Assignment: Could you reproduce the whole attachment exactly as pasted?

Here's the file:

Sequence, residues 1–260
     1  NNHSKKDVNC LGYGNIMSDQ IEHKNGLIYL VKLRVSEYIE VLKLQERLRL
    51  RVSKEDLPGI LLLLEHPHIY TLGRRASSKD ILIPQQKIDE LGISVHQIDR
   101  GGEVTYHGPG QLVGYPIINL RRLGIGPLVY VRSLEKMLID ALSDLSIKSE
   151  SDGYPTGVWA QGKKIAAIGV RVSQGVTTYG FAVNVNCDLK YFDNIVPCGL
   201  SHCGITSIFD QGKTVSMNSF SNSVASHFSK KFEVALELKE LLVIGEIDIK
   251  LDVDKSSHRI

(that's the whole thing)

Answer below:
Sequence, residues 1–260
     1  NNHSKKDVNC LGYGNIMSDQ IEHKNGLIYL VKLRVSEYIE VLKLQERLRL
    51  RVSKEDLPGI LLLLEHPHIY TLGRRASSKD ILIPQQKIDE LGISVHQIDR
   101  GGEVTYHGPG QLVGYPIINL RRLGIGPLVY VRSLEKMLID ALSDLSIKSE
   151  SDGYPTGVWA QGKKIAAIGV RVSQGVTTYG FAVNVNCDLK YFDNIVPCGL
   201  SHCGITSIFD QGKTVSMNSF SNSVASHFSK KFEVALELKE LLVIGEIDIK
   251  LDVDKSSHRI